Many employees of US companies are not US citizens, but that doesn't stop people from evaluating Google or FB or whoever that way.
I do apologize, and I appreciate the helpful clarifications.
In reality, it's the other way around. And the fact that almost half of the few whites that do get in do so through some loophole almost makes it worse -- it means a white kid who is a brilliant student but isn't born into the right family or is an athlete has almost no chance of being admitted.
What does this mean? Athlete, legacy, donor, ...C? Celebrity?
"Removing preferences for athletes and legacies would significantly alter the racial distribution of admitted students, with the share of white admits falling and all other groups rising or remaining unchanged."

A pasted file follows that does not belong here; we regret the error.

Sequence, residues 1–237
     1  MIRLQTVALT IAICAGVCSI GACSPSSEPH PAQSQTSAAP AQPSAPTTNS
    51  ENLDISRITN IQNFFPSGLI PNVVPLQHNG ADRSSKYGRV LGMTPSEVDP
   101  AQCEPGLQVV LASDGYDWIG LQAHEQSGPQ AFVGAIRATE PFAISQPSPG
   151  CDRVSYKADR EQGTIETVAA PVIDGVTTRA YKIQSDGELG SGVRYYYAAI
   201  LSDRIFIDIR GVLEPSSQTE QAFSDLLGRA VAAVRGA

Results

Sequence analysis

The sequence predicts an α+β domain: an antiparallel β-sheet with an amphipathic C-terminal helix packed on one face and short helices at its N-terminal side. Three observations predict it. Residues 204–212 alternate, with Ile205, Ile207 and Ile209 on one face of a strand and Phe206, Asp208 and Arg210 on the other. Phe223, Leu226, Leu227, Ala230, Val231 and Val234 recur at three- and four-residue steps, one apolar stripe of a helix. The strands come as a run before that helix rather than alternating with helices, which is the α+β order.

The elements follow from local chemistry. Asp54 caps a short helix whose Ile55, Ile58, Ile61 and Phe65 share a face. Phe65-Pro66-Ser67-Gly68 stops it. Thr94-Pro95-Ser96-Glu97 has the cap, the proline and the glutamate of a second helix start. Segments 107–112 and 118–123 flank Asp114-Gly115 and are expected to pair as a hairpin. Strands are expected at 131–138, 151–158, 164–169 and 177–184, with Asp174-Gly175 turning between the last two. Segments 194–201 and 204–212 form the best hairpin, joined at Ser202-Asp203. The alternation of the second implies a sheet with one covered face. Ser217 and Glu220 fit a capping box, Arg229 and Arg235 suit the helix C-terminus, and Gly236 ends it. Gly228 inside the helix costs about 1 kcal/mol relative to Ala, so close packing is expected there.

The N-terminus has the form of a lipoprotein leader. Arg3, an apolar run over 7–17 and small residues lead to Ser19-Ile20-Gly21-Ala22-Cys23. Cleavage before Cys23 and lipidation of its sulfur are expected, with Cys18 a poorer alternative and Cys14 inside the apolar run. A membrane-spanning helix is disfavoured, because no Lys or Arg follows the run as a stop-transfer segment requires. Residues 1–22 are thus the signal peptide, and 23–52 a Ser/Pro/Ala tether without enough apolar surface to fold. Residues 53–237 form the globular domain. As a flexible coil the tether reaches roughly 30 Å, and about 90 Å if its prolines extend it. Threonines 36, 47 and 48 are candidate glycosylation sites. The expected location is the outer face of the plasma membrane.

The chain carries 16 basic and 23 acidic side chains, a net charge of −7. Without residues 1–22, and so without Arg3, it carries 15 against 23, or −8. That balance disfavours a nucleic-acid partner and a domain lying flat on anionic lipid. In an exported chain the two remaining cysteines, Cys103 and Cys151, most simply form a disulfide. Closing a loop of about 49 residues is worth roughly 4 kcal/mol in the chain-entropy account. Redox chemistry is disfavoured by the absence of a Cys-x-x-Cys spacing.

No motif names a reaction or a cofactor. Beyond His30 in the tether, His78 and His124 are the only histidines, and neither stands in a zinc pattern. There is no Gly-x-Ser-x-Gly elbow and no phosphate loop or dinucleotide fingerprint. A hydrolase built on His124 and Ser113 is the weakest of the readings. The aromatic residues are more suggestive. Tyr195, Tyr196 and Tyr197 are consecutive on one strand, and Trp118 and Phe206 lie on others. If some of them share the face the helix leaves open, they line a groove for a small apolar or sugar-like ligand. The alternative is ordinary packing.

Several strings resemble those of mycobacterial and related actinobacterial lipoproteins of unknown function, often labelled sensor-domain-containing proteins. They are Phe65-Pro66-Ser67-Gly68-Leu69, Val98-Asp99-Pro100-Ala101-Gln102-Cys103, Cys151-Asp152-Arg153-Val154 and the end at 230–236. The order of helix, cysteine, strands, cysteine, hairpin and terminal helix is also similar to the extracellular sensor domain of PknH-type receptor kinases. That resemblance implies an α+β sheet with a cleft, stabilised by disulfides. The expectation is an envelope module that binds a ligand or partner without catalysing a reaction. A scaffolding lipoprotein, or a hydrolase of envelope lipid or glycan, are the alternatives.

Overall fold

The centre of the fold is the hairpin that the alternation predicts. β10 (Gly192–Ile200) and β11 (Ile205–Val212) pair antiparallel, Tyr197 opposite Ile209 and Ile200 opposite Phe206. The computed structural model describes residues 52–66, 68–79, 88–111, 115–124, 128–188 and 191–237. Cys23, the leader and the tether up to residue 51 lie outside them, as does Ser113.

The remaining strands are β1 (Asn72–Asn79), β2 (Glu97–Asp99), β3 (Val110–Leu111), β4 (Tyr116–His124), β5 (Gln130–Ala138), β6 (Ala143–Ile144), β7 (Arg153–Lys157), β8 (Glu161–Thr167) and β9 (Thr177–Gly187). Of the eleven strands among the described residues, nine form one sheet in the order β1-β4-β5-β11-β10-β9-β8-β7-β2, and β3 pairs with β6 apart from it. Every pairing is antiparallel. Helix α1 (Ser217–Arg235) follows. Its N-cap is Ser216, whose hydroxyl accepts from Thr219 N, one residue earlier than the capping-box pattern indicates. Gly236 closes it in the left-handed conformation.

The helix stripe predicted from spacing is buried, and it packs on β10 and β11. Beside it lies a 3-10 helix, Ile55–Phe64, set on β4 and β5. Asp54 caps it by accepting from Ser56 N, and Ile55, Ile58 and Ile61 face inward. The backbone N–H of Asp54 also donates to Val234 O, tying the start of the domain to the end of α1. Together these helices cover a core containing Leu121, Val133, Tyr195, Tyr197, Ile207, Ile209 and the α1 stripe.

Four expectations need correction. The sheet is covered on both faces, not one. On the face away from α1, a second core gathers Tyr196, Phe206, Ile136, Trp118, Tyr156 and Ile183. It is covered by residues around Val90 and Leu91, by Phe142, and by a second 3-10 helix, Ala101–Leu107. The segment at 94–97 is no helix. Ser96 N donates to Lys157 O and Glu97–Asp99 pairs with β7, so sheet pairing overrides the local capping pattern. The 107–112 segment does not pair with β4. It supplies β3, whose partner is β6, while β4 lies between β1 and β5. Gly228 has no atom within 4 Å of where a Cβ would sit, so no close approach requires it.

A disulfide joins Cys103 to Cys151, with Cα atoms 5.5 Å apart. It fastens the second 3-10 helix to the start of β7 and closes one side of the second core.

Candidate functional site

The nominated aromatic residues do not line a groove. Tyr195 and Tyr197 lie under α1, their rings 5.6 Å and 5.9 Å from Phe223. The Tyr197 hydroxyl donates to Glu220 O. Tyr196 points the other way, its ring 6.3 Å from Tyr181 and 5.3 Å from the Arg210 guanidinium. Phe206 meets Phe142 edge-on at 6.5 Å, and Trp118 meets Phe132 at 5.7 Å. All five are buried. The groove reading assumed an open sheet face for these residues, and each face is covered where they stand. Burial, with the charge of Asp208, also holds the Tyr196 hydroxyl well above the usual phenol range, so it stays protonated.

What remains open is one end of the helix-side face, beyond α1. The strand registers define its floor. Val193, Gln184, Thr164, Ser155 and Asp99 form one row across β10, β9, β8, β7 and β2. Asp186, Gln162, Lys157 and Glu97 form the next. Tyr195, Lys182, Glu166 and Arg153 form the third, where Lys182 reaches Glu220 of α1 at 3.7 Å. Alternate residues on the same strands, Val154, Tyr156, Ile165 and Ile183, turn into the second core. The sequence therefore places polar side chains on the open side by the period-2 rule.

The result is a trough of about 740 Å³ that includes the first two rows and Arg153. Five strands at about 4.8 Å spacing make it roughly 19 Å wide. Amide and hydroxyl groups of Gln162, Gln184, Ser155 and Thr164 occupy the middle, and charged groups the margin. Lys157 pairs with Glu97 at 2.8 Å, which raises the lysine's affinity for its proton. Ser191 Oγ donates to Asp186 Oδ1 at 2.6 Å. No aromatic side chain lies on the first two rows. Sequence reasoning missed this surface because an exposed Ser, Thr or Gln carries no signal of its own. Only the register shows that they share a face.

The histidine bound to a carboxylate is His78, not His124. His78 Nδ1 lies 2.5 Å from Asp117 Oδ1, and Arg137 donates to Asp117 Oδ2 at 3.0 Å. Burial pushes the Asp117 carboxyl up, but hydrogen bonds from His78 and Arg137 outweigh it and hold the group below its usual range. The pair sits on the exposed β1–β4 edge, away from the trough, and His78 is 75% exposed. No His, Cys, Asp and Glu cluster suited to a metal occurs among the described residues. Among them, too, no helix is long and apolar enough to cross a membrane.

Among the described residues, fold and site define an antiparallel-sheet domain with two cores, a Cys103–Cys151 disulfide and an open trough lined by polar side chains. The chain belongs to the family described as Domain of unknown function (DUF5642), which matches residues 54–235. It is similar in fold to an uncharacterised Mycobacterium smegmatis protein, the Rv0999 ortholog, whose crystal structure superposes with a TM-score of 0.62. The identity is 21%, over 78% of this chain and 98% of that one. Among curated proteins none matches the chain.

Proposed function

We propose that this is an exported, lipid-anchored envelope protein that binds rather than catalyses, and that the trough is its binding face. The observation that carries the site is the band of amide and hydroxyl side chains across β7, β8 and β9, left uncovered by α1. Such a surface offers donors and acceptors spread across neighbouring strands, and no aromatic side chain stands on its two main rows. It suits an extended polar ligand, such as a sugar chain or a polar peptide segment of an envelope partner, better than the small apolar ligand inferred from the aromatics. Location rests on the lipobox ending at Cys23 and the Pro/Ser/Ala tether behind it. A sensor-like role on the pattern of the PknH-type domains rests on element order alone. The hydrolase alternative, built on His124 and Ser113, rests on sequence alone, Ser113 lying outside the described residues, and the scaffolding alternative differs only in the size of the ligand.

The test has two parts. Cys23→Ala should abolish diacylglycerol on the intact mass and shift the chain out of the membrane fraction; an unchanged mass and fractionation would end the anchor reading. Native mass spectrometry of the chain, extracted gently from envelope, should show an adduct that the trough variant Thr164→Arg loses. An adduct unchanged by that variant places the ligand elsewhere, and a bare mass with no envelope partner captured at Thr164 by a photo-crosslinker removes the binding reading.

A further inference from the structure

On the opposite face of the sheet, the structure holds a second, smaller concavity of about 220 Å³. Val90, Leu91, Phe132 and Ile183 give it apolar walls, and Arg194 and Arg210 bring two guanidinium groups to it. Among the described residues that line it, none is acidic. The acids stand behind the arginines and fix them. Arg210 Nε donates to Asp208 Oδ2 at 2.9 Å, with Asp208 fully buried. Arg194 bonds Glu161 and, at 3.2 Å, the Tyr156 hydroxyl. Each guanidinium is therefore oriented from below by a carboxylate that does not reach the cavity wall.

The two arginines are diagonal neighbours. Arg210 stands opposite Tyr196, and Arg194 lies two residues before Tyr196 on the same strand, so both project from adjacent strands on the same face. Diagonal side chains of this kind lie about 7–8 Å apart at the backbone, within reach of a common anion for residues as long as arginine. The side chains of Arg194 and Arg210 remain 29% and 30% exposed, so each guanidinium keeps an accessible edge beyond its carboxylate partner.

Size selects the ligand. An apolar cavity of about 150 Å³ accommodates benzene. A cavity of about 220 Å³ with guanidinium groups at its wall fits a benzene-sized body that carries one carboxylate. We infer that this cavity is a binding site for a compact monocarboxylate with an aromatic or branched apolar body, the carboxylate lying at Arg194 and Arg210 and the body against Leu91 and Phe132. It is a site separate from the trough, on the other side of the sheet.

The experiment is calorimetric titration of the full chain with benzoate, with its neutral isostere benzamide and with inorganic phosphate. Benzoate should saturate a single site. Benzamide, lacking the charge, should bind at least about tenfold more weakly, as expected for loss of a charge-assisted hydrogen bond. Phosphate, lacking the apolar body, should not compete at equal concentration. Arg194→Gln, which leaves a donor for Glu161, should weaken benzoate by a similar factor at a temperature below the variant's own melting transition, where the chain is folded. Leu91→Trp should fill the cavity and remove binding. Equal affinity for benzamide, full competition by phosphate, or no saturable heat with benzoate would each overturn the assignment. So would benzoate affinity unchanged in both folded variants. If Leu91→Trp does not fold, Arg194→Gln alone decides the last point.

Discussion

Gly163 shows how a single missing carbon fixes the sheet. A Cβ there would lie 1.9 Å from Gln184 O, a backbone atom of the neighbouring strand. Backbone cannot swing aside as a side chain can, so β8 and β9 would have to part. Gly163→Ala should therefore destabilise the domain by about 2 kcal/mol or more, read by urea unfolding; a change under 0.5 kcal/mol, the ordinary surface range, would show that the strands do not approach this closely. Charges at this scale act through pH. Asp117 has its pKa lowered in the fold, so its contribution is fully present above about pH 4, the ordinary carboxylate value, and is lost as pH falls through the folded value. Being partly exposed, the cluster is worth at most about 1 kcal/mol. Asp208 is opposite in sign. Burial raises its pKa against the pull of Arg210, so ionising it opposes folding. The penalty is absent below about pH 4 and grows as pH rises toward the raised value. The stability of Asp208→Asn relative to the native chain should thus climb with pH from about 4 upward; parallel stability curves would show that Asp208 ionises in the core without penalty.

I do recall the popular line about how everyone at orientation could be replaced with a new cohort that has similar academic profile, which implies that there is quite a bit of judgement call going on.
Overall, it is unsurprising yet disappointing that they estimate ~3/4 of ALDCs would not get admitted without that status. This system is probably a big reason that most elite schools have ~15% of their students from the top 1%, while MIT is closer to 5%. MIT definitely does not do legacies and of course gives little weight to athletics. I am not sure about children of faculty though.
The whole admissions situation is of course an opaque, handwavy, crapshoot. But I am just curious in practice what would happen to the distribution if Harvard decided to drop say legacy status.